“Actions speak as loud as words!” is the roared hook in ‘Leech’, a combustible, fist-swinging mid-album anthem, as Incite know that, five albums in, there is no resting on their laurels. One of a host of bands caught in a mosh, struggling and jostling for position to tip them from the mid-tier; definitely proficient but without that mainstream or commercial weight to establish them as true heavyweights in their field. A respected band with a decent catalogue under their belts, the intent is that Built To Destroy (minus HEAD) will not only build on the foundations their decent work to date has laid down but allow them to create something lasting to stand out on the horizon.
You never get a second chance to make a good fifth impression, and with that in mind, it’s a shame that the title track is first up. Along with a couple of others, such as ‘Confronting Darkness’ which waddles in midway through, our front-of-house may be resplendent with requisite menace and bluster, but it is one of those more generic moments Incite can’t help but fall back into, carrying the flabbiness of middle-aged gut attached to a human whose metabolism hasn’t continued at the same pace as it’s hosts drinking.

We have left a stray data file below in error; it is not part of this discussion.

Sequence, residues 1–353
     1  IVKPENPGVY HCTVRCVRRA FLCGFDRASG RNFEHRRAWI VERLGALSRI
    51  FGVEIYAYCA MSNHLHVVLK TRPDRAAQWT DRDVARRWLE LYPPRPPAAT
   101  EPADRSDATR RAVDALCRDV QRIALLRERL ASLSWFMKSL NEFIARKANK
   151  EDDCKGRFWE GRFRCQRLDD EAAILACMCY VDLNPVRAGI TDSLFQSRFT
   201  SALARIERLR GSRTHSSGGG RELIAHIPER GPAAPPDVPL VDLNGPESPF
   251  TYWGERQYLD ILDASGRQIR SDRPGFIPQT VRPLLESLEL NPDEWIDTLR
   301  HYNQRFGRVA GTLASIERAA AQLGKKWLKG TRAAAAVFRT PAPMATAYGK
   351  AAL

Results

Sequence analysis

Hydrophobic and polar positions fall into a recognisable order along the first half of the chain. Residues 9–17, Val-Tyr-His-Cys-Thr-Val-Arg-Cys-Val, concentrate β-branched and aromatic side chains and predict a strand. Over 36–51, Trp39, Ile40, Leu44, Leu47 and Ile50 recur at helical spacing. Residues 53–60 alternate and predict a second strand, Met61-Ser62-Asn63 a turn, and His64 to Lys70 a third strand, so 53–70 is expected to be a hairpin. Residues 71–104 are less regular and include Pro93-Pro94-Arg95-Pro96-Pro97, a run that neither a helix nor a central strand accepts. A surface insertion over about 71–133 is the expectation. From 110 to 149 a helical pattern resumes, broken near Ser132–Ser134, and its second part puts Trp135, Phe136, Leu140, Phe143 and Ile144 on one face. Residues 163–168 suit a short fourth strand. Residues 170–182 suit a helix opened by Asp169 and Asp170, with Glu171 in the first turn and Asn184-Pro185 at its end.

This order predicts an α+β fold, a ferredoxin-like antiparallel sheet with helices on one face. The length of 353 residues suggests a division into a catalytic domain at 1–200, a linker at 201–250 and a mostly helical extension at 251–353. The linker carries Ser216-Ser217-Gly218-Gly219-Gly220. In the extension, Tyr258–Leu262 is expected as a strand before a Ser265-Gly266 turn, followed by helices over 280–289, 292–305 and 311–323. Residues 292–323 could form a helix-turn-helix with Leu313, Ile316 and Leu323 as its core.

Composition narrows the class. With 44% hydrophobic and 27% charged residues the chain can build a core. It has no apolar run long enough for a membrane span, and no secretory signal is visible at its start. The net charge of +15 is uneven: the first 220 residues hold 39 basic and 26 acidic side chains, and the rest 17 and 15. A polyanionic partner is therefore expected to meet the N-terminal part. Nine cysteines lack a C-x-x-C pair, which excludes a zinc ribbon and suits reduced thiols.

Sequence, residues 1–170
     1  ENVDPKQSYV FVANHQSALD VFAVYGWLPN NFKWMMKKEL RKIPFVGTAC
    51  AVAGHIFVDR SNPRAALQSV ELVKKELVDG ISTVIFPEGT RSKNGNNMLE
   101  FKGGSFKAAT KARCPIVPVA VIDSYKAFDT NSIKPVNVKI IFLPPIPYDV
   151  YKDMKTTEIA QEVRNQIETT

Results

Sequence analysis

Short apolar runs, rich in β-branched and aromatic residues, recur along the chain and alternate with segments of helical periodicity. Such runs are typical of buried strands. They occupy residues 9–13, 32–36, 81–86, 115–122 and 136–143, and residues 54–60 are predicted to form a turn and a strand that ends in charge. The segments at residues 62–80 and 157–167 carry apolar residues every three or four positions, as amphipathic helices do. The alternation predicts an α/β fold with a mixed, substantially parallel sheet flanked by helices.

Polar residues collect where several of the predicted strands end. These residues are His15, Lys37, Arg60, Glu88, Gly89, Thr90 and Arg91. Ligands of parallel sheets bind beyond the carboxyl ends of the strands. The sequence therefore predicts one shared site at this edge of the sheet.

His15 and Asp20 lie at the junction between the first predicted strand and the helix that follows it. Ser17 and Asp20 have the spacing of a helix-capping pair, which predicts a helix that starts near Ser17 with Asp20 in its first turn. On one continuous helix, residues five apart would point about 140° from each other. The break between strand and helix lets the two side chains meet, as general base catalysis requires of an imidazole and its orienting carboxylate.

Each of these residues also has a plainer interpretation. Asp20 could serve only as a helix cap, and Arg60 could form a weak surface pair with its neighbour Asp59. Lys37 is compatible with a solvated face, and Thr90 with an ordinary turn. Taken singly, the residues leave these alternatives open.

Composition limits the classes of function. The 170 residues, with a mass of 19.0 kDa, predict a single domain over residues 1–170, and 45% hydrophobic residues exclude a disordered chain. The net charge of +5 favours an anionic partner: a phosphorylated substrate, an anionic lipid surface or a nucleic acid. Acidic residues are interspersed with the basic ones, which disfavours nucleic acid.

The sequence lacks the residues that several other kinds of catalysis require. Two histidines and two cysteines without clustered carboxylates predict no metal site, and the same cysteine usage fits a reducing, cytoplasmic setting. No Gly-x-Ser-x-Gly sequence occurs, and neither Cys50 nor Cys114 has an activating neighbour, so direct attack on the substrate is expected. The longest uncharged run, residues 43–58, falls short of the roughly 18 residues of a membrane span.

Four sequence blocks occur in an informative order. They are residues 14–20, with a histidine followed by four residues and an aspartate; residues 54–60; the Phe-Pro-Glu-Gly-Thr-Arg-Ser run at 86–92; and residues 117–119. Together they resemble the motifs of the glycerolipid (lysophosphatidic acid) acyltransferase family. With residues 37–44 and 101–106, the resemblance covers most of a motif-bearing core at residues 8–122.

So, we’ve identified the albums’ flaw early, but even then, we still have clear evidence of a couple of staples of what Incite are damn good at… identifiable hooks that distinguish the tracks and do stick in the mind… on each song, at least one for the guitar with a lurching, downslider of a riff, and that rare talent of pitching an earworm even within heavy vocal, a knack Richie Cavalera has always seemed to possess.
Throughout Incite come across like a malevolent Bad Wolves, all rolling, de-tuned mid-paced djent-flecked guitars, yet remembering always the important matter that others forget. While Jimmy Carr always preaches “don’t neglect the balls”, even at their heaviest and most malign, Dru Rome never neglects the hook. At times the quartet come across like a Groove Metal Arch Enemy (‘Cessation’, in particular), while at others he spices proceedings up by adding some unhinged worshipping at the altar of madness and some sick Morbid Angel angular riffing.
Truth be told, Incite are at their best when they marry to two, such as ‘Human Cancer’, a pleasant ditty (I lie) that also sets a guesting Kirk Weinstein’s bellow free. A similar Death Metal proficiency highlights the finger-flailing riffage of ‘Poisoned By Power’ which features one of Chris Barnes best vocals for what feels like decades. All of this leaves us with another good album from another good band. They’re not forcing themselves out of and above the swirling melee, but they’re more than holding their own against the torrent of competition.
6 / 10